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Word of the Day - for Toastmasters everywhere
Friday 19th January 2018
Archive | Previous word | Today's word |

putative (adjective) PTU-ta-tiv

Supposed, reputed, generally assumed, thought to exist.

It will, however, probably make you feel warmer and fluffier than Boris Johnson's The Perils of the Pushy Parents , an extended, sub-Bellocian exercise in rhyming couplets exuding a weird kind of bouncy fogeyism, both written and illustrated by the Member for Henley-on-Thames and putative Mayor of London.

Martin Rowson, The Independent, 9 December 2007. The Independent

A dwarf Indian policeman rides a miniature antique motorcycle built for the youthful Prince of Wales; the putative Messiah suddenly visits his estranged mother in drag; there is a speechless villain with a conversation-pad, and the solution to the murder lies in the disposition of pieces on a chessboard.

Philip Hensher, The Spectator, 24 May 2007, The Spectator
reviewing Michael Chabon's The Yiddish Policemen's Union . Amazon

If the laws of physics are to have any sticking power at all, to be real laws, one could argue, they have to be good anywhere and at any time, including the Big Bang, the putative Creation.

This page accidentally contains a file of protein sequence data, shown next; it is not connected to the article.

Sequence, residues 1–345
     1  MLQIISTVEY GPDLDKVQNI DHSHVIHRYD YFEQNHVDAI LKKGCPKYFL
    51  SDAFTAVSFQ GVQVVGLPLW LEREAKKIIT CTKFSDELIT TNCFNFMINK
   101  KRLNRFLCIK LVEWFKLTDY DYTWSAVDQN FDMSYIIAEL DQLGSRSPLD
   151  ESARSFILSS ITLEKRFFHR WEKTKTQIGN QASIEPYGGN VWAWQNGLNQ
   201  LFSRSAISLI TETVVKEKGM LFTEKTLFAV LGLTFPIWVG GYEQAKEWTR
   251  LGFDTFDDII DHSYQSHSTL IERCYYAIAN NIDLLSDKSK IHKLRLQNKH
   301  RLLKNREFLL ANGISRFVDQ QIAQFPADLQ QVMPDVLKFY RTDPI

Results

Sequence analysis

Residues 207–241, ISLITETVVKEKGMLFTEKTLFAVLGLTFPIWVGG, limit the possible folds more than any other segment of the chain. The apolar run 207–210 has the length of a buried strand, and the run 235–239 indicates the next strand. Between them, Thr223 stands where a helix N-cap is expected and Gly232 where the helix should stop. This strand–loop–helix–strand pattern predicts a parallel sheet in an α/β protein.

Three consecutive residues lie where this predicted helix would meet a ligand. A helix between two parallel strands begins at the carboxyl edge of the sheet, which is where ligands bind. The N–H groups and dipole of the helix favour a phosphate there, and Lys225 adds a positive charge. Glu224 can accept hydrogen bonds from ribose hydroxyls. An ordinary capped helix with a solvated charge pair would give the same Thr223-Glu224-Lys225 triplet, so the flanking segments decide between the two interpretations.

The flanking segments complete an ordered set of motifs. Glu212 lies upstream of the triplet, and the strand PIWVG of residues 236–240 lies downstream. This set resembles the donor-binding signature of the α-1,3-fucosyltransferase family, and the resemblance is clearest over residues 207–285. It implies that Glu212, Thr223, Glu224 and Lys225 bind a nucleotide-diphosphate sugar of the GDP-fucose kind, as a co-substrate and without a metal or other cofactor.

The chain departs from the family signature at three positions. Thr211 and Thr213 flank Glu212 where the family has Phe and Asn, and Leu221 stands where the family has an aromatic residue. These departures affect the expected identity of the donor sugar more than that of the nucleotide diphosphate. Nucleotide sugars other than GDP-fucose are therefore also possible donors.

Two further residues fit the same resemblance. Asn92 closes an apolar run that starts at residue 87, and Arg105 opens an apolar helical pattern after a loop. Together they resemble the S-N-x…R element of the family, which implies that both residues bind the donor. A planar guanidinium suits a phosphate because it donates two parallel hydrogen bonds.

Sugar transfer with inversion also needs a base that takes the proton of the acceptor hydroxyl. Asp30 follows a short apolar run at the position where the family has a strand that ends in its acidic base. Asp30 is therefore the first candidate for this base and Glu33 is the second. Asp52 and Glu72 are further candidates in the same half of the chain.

Dennis Overbye, The New York Times, 18 December 2007. New York Times

The provenance of Jamison’s putative Pollocks is as follows: Lana Wolcott, the proprietor of the Antique Design Center, in Norfolk, bought them at a sheriff’s auction, a few years ago, as part of the foreclosed-on belongings of Joseph Michaud, a “wild and unfettered art dealer” from the area, she said, who has since died.

Ben McGrath, The New Yorker[/], 22 October 2007. The New Yorker

MPs on the Culture, Media and Sport select committee were conducting an inquiry into the self-regulation of the press - and how best to protect Kate from aggressive photographers. Post-Diana, newspapers and politicians are keen to be seen protecting the young royals - and putative royals - from the extremes of journalism.

Oliver Marre, [i]The Observer, 18 March 2007. The Observer

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